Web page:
- Your hospital admission status is a critical factor for Medicare coverage
- Medicare says you must be admitted as “Inpatient” rather than as “observation status” for it to pay your bills
- This article explains the differences between “In Patient” and “observation status” for Medicare coverage
You get sick. You go to the hospital. You are there for 3 to 4 days. You are discharged to home or to a rehabilitation center for rehab. You have Medicare Part A and/or Part B. You think Medicare will cover the bill. You open up the bills from the hospital, then the doctors, then the emergency room, then the pharmacies and you find out Medicare didn’t cover it all. Stunned, you ask, “how can this be; I thought Medicare paid all/most of my medical bills”. Guess what; in this case you were wrong. Here’s why!
“Outpatient” vs. “Inpatient” Status under Medicare
One of the many things individuals over the age of 65 must contend with is hospitalization and whether they have been improperly classified for admission by a doctor. It is important because even though a hospital visit may be covered under Medicare, how it is classified will determine any subsequent benefits the patient may receive, including, but not limited to, care received in a skilled nursing facility. So if you get nothing out of my discussions here about Medicare coverage always remember to “Be Aware of Your Care!” Your pocketbook, and your family, will thank you for it.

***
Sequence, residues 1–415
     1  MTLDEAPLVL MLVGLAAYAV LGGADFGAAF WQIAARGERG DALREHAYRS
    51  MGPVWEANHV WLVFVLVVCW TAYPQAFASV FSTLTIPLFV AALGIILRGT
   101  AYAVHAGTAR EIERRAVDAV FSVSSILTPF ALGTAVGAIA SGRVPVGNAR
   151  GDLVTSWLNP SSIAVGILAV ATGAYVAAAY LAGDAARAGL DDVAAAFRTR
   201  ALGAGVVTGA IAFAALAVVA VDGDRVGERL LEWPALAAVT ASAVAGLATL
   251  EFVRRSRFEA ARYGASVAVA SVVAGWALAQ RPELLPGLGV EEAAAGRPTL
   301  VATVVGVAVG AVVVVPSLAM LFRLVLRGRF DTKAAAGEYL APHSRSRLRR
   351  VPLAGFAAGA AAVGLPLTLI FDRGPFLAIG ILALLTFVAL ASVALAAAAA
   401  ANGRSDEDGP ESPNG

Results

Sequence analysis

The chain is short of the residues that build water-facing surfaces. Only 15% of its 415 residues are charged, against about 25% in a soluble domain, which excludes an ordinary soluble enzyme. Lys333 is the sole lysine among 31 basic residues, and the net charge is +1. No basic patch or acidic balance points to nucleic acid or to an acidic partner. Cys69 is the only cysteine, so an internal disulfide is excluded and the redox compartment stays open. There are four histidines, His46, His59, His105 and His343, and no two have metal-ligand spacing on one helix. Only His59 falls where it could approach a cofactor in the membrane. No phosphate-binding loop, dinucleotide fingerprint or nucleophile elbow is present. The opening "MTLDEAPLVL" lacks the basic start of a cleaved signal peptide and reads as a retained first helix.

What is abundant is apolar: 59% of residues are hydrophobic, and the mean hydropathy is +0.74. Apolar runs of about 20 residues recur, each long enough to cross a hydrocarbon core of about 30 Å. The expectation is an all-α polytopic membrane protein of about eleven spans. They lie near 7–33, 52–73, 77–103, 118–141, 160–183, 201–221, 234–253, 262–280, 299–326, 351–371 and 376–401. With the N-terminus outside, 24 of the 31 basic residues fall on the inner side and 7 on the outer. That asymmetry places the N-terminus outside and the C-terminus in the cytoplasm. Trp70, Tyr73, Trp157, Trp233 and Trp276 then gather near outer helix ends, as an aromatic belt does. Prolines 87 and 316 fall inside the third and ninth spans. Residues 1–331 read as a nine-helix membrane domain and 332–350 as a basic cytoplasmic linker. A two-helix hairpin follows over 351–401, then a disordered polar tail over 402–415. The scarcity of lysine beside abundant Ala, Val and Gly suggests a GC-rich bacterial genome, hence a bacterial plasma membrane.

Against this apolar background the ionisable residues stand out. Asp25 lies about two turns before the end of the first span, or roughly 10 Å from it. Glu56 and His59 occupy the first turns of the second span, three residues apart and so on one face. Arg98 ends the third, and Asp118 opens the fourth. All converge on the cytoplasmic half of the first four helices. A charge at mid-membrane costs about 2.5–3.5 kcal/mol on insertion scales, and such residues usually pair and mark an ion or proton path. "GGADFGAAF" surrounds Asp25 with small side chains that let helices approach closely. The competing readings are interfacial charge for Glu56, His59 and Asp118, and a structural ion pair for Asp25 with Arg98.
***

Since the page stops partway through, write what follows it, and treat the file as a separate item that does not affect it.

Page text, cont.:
I will be writing an extensive article about Medicare coverage in my next post, so be sure to watch for it.
To discuss your NJ Medicare appeal matter, please contact Fredrick P. Niemann, Esq. toll-free at (855) 376-5291 or email him at email@example.com. Please ask us about our video conferencing consultations if you are unable to come to our office.